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    Uniper 'a Good Match': Fortum

Summary

The European energy transition is in progress but despatchable energy is still needed.

by: William Powell

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Uniper 'a Good Match': Fortum

Finnish utility Fortum is now back in talks with Uniper over the nature of their future co-operation. The German utility. with its heavy reliance on coal and gas, is not perhaps the obvious choice of partner for a company such as Fortum which has made much of its low-carbon operations.

Fortum sold its gas import and supply business, Gasum, to the Finnish state in 2014. Gasum had once had similar ambitions to Uniper, where transmission projects with Russian export monopoly Gazprom were concerned. That left Fortum in a similar position to E.ON, which sold Uniper to focus on clean energy 'solutions', smart grids and so on.

Fortum told NGW that the energy transition was a gradual process and the customers of both companies would continue to expect reliable and affordable energy supplies, which means at least some nuclear and fossil fuel capacity.

Uniper has the fifth-highest carbon emissions from its power generation in Europe, according to Fortum's website. The specific carbon dioxide emissions from Fortum's generation in the EU was 28 g/kWh, while including also its Russian power production, they were 174 g/kWh. Uniper's were well over 400 g/kWh. Uniper is also financing the Russian-owned Nord Stream 2 line and building LNG import capacity at Wilhelmshaven, of which it has already sold a significant portion in principle to ExxonMobil.

But with the planned departures of Uniper's CEO and CFO, Klaus Schafer and Christopher Delbruck respectively, announced February 5, Fortum said the following day it was committed to working closely with Uniper to find specific areas of co-operation and ways to add value, and that it was delighted by the decisiveness of Uniper chairman Bernhard Reutersberg to move things forward. Fortum said it was "in the interest of everybody that we rapidly advance now to create value for the stakeholders of both companies."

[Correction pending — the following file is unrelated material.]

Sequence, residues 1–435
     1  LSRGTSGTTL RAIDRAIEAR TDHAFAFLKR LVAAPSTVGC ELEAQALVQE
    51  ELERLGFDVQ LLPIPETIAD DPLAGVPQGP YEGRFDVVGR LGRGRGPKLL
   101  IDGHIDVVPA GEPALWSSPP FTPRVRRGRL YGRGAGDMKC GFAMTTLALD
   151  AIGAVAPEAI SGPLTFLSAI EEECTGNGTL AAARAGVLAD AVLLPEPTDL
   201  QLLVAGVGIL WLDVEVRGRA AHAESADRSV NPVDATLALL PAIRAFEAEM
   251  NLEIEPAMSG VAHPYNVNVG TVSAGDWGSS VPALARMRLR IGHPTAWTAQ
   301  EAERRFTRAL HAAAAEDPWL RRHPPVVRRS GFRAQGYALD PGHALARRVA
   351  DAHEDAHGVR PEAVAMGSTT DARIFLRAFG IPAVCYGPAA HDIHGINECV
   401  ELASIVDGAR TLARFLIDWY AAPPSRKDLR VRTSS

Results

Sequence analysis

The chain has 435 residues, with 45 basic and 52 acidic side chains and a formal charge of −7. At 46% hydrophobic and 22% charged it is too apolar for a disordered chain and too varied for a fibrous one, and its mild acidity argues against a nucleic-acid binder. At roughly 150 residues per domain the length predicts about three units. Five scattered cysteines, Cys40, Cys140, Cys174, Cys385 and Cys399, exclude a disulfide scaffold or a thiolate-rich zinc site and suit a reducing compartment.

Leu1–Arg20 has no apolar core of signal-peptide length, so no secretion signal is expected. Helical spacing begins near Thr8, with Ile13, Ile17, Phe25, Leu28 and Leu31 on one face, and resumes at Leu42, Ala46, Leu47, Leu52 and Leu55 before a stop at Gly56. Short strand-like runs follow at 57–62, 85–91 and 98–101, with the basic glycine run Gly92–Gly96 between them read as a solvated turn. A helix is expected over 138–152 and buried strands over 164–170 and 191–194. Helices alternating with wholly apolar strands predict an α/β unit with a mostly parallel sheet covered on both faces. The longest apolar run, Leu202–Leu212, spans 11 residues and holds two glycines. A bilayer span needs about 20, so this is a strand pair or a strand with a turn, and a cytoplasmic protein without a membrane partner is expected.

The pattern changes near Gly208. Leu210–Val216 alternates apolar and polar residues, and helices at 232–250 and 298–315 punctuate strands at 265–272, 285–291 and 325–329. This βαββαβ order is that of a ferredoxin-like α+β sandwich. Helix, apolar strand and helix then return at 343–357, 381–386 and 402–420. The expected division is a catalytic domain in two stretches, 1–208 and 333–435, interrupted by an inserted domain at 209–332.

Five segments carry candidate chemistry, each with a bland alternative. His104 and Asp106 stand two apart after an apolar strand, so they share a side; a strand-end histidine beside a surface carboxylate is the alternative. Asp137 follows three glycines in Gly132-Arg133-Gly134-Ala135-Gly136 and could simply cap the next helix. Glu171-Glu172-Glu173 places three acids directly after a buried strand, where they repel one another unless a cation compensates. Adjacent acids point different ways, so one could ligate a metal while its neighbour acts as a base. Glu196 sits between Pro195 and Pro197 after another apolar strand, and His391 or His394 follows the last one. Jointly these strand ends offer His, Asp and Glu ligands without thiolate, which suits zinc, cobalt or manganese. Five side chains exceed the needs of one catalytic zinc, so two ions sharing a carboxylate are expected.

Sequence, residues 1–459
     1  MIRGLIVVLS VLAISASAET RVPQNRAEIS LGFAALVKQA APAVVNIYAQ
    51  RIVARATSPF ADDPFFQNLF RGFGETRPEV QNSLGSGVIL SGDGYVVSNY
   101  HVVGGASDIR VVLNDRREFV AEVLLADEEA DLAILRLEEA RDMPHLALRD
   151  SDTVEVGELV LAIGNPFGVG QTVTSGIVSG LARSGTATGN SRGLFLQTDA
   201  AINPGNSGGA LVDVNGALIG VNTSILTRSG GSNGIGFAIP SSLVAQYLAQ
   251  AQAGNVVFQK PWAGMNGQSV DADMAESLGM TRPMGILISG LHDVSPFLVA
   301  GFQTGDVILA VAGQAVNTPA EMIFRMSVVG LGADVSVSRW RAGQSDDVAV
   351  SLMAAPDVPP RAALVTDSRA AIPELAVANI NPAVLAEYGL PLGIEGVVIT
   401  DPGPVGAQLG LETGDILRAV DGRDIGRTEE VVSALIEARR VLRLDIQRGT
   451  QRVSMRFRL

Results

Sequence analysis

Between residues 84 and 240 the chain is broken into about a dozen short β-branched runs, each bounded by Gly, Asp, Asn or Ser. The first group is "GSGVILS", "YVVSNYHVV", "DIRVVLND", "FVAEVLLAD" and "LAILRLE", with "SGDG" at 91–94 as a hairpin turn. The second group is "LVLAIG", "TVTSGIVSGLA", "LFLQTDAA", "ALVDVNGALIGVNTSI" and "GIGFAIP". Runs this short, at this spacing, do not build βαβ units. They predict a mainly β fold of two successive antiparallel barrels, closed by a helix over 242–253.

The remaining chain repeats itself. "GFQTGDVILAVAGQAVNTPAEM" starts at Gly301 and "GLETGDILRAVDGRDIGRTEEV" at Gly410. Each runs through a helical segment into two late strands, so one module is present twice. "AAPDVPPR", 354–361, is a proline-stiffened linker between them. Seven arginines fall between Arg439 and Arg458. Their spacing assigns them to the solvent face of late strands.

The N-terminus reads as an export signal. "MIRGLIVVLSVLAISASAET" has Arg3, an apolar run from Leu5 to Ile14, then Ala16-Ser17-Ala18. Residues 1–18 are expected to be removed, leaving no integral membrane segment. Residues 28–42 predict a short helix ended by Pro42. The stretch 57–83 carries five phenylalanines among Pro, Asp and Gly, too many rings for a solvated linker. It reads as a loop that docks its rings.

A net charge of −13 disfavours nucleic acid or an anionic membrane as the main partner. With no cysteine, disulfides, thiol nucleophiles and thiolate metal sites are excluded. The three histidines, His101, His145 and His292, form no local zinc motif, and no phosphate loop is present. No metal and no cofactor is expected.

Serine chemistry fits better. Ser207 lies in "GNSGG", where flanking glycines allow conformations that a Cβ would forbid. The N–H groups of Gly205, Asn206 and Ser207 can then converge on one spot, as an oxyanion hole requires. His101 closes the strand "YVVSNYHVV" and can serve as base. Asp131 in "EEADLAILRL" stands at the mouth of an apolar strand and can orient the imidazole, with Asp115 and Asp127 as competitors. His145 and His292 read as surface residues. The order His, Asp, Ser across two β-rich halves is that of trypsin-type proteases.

In a statement to NGW, Fortum said it remained fully committed to its strategy and sustainability targets and was furthermore committed to the energy transition, but "understand that it will not happen overnight. While we are focused on leading the transition to cleaner energy, we also understand that we have to meet the needs of our customers in terms of security of supply and affordability. That is where Uniper comes in.

"The compatibility of Fortum and Uniper lies in our strategic mix of assets -- both clean and secure -- as well as the expertise required to successfully and affordably drive Europe's transition towards a low carbon energy system. Uniper's stated role as the provider of security of supply is an excellent match with Fortum's ambition to accelerate the energy transition with increasing renewable generation and innovative solutions. With the planned European coal phase out, coupled with Germany's 2022 nuclear stop-date,  Uniper's gas-fired generation will have an important role to play in providing security of supply for the increasing share of renewables in the system.

Furthermore, only about 30% of Uniper's capacity is coal-fired. The company has a significant hydro and nuclear portfolio, as does Fortum.